We all know the feeling, the hot rush of painful horror when we realise we have said or done something wrong — our clearest indicator that we are somehow wrong. With a red face and stuttering speech, we may either make a rapid exit, or try to tough it out. As Tony Delmedico said, shame is “the swampland of the soul.” It is a powerful, self-shrivelling, social emotion.

Based in comparisons of the self with others, or of the self with one’s own unrealistic standards, shame is based in the tyranny of not-good-enough. It is focused on the self, intensely self-conscious and negative. It isn’t the “I have done something wrong” of guilt, it is the “I am something wrong.”

Highly correlated with addiction, depression, aggression, eating disorders, and suicide, shame is corrosive and damaging. It feeds the darkest parts of ourselves — self loathing, helplessness, and anger — turned outward as aggression, or inward as depression.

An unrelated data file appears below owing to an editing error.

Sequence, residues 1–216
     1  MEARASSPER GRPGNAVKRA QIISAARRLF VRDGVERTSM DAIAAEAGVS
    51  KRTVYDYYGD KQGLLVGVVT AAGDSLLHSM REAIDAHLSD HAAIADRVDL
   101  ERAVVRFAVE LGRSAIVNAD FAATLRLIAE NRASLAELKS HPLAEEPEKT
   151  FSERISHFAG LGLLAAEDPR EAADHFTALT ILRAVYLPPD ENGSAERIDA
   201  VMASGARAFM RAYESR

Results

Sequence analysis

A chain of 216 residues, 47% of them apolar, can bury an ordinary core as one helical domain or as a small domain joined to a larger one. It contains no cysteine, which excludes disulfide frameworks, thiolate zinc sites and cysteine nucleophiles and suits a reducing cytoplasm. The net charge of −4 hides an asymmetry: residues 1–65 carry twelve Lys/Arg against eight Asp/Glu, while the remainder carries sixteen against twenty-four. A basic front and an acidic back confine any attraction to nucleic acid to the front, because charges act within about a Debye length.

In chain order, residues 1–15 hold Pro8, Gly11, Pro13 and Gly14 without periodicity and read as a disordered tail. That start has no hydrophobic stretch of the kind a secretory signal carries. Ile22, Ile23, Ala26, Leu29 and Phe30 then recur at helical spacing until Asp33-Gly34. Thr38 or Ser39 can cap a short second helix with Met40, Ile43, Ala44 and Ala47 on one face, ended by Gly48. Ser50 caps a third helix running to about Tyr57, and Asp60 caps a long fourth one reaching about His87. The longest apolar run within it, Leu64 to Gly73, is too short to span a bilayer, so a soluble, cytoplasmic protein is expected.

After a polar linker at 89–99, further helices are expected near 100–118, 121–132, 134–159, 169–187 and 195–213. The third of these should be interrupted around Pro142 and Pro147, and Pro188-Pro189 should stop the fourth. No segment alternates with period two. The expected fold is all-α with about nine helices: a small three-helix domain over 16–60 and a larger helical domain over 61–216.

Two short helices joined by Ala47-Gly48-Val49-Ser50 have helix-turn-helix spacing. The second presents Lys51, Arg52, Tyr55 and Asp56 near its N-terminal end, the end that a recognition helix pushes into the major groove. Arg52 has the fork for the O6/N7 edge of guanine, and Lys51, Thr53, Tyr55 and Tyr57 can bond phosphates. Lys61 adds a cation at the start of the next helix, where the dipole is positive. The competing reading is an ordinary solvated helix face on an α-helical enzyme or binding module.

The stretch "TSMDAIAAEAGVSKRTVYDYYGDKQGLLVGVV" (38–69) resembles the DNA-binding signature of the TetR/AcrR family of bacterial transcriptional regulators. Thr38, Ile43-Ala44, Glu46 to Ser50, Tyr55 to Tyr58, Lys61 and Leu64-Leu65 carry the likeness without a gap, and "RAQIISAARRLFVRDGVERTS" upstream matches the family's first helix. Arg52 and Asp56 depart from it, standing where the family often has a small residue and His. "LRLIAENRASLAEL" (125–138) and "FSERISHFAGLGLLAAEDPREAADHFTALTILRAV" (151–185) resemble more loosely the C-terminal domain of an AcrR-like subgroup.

We all carry observations of what is expected of us by ourselves, our loved ones, and society at large. When we fail to deliver on those expectations, or take a route that does not emphasise those norms, we are highly susceptible to shame. Brené Brown’s research finds women and men experience the same shame responses, but labor under different notions of what is expected of them. She finds women feel they are supposed to do everything in life perfectly, with no sign of strain — raise the children, go to work, support relationships, be thin, well-dressed, and fun, while men above all are terrified of being perceived as weak. Shame emerges from failure to meet these expectations. Brown speaks of these edicts as straight jackets that restrict us from finding our own authentic paths, and keep us estranged from each other.

Secrecy, silence, and judgement provide the ideal environment for shame to flourish, while empathy and supported vulnerability are the antidotes. Come share your “defects,” and failures with us, and let us break the seal on your isolation. By allowing yourself to speak the unmentionable in the safety of the therapy relationship, the empathy and acceptance you find there will help you move out of the straight jacket, and into the open arena of choice and fearlessness about being yourself.